This course prepares students for the thesis trajectory that starts in January. The course consists of plenary sessions that are a combination of lecture and workshop. The first two lectures regard general topics about research, research questions and literature review. After these two joint sessions, students join either a qualitative or a quantitative research track for which three/four sessions will follow. In these tracks students are taught a more specialized understanding of either qualitative or quantitative research.

Assessment will have a mixed form and depending on the societal situation teaching will be done online or in a blended form.

Taught by M. Rishani.

Note regarding taking courses if you are not an RSM master student: RSM does not offer the possibility for non-RSM students (master or otherwise) to take RSM MSc courses outside of official exchange partnerships or other inter-faculty agreements. If you are interested in learning more about corporate social responsibility, sustainability, or business ethics, please refer to our Open Programmes section.

For more information on all international opportunities offered at RSM, visit the website of our International Office.

Learn more

Why this programme?

Factsheet

Internship

International exchange

Faculty

Career perspectives

MSc alumnus story Human Resource Management

An alumnus talks about RSM’s MSc in Human Resource Management

MSc recruiter HRM story

A recruiter talks about RSM’s MSc in Human Resource Management

International labour market research shows that there is a growing need for HR professionals at all levels, and the strategic impact of the HR function within businesses is increasing. 

RSM’s MSc in Human Resource Management graduates start their careers equipped with this coveted area of expertise. Potential roles include management/HRM consultants, HR professionals, business analysts and management development professionals. 

Many multinational organisations such as Shell, Unilever and General Electric mention HRM explicitly as a required discipline for entry-level careers in their recruiting process.

Examples of positions taken up by our graduates: 

  • Agile specialist  

  • Business consultant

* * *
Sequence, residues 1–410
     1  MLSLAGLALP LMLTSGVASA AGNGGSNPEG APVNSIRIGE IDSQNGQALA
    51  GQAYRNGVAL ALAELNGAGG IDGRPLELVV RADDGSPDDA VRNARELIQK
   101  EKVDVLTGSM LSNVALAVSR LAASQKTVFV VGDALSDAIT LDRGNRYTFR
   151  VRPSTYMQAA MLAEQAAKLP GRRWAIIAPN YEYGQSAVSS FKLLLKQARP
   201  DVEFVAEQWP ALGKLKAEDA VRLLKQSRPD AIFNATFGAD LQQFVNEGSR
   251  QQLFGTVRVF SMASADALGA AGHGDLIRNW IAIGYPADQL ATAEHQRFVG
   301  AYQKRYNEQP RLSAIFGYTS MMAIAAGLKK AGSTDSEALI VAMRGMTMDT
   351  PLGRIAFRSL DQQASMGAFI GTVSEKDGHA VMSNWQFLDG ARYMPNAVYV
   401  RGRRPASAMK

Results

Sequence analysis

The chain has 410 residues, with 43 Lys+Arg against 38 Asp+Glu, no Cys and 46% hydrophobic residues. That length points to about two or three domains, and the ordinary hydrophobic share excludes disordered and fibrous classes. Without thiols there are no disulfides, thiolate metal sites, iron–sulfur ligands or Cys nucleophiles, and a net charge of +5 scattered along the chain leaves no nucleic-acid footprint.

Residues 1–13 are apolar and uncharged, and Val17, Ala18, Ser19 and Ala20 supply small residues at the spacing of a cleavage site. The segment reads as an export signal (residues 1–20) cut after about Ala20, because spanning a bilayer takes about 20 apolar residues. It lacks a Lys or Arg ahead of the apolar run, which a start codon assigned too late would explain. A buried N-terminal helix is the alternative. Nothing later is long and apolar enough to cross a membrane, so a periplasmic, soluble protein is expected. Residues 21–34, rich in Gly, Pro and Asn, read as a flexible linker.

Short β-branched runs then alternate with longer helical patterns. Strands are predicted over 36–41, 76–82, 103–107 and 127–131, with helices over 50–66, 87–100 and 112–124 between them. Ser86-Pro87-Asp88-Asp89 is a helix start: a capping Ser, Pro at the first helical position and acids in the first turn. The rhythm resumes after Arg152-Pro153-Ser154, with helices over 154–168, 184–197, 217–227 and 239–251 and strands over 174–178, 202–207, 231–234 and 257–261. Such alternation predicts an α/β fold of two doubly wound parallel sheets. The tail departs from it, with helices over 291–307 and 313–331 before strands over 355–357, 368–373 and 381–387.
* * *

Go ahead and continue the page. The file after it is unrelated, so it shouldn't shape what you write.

• HR business partner

  • Organization design analyst

  • Recruitment specialist

  • Reward analyst

Non-EEA nationals who have earned a diploma from a higher education institute in the Netherlands can apply for a special residence permit called the orientation year after completing their studies. The 'Orientation Year for Graduates Seeking Employment' is a residence permit aimed at retaining foreign talent for the Dutch labour market. During this orientation year you are free to work without a work permit. Participants who find a job during this period can change their orientation year into a residence permit for Highly Skilled Migrants under more favourable terms.

For the most up-to-date information please visit the website of the Nuffic.

Career progress

Many students find positions within multinational firms and organisations, partially thanks to relationships they have developed with representatives from the world of business – as well as peers – during the programme’s corporate and other networking events. Students applying for jobs in their home countries are equipped with knowledge and skills to take with them.

Find the Employment Factsheet for your MSc programme here.

View LinkedIn profiles of our graduates

You can read more about our graduates and their career progress from their public LinkedIn profiles.

Tip: you can see more of our graduates’ profile information if you are not signed in to your LinkedIn account. Sign out of LinkedIn, then click the links.

Good to know

Career Centre

Alumni networks

MSc employment report

Vacancies for HRM students

Studying at RSM

Msc HRM student story

A student on the RSM MSc in Human Resource Management programme

The RSM Experience

Education for life

Studying at RSM will be a life-changing experience. Your master degree will prepare you for a fulfilling professional life as a capable, self-assured individual. It will make you valuable to business and attractive to employers because it teaches you skills that make the most of your innovative mind. You will be challenged in and outside of the classroom, and you will gain an education based on the latest developments in business. Your master degree from RSM will include RSM’s promise of life-long learning, and membership of the more than 40,000-strong alumni network that is present in more than 110 countries which hosts activities and events all over the world.

Open intellectual culture

Your education at RSM is valuable. You will learn from academics who produce the highest quality research and the most innovative management thinking. In the classroom, sharing and questioning opinions is encouraged – yours and those of your fellow students, as well as the professors’. Many of RSM’s faculty members are young and passionate professors and researchers with outstanding academic credentials. Their work is published in top international management journals.

Engaging environment